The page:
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Title: Can front-of-pack labelling schemes guide healthier food choices? Australian shoppers' responses to seven labelling formats
Authors: Watson WL
Kelly B
Hector D
Hughes C
King L
Crawford J
Sergeant J
Chapman K
Categories: Causes & Exposures - Diet & Exercise
Population Groups - Australia
Intervention & Support - Marketing & Labelling of junk food
Keywords: Adolescent; Female; Food; Food Labeling; Food Preferences; Health Behavior; Health Knowledge,Attitudes,Practice; Health Promotion; Humans; Male; methods; Adult; Middle Aged; Nutrition Policy; Nutritive Value; Questionnaires; standards; Young Adult; Aged; Aged,80 and over; Australia; Choice Behavior; Consumer Behavior; Diet; Energy Intake
Pub. Date: 2014
Journal Title: Appetite
Volume: 72
Page number start: 90
Page number end: 97
Abstract: There is evidence that easily accessible, comprehensible and consistent nutrient information on the front of packaged foods could assist shoppers to make healthier food choices. This study used an online questionnaire of 4357 grocery shoppers to examine Australian shoppers' ability to use a range of front-of-pack labels to identify healthier food products. Seven different front-of-pack labelling schemes comprising variants of the Traffic Light labelling scheme and the Percentage Daily Intake scheme, and a star rating scheme, were applied to nine pairs of commonly purchased food products. Participants could also access a nutrition information panel for each product. Participants were able to identify the healthier product in each comparison over 80% of the time using any of the five schemes that provided information on multiple nutrients. No individual scheme performed significantly better in terms of shoppers' ability to determine the healthier product, shopper reliance on the 'back-of-pack' nutrition information panel, and speed of use. The scheme that provided information about energy only and a scheme with limited numerical information of nutrient type or content performed poorly, as did the nutrition information panel alone (control). Further consumer testing is necessary to determine the optimal format and content of an interpretive front-of-pack nutrition labelling scheme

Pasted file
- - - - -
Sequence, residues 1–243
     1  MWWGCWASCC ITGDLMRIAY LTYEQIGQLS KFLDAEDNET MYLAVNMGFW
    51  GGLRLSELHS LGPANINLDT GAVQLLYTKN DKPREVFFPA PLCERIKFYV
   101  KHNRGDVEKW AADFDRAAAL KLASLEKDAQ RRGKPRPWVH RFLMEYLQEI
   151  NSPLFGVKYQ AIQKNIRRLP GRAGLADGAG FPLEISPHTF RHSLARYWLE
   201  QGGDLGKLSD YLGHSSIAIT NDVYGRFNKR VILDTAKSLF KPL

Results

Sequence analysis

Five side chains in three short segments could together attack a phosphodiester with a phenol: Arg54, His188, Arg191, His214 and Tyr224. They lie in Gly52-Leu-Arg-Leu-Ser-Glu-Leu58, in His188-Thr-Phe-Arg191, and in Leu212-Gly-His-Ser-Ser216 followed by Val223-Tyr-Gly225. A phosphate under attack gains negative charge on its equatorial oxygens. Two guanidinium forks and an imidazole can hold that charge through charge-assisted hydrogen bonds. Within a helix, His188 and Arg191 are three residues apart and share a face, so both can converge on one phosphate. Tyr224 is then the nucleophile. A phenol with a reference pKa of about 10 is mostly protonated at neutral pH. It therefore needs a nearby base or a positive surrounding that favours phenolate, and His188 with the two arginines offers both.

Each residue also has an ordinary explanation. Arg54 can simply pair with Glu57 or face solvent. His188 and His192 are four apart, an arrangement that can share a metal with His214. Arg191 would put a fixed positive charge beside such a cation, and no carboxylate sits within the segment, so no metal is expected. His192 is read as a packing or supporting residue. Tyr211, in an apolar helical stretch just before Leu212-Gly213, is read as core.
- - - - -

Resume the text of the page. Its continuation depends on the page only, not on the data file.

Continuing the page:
Division: Cancer Research Division
DOI: 10.1016/j.appet.2013.09.027
URI: http://researchpubs.cancercouncil.com.au/cancercounciljspui/handle/1/1653
Appears in Collections:Research Articles

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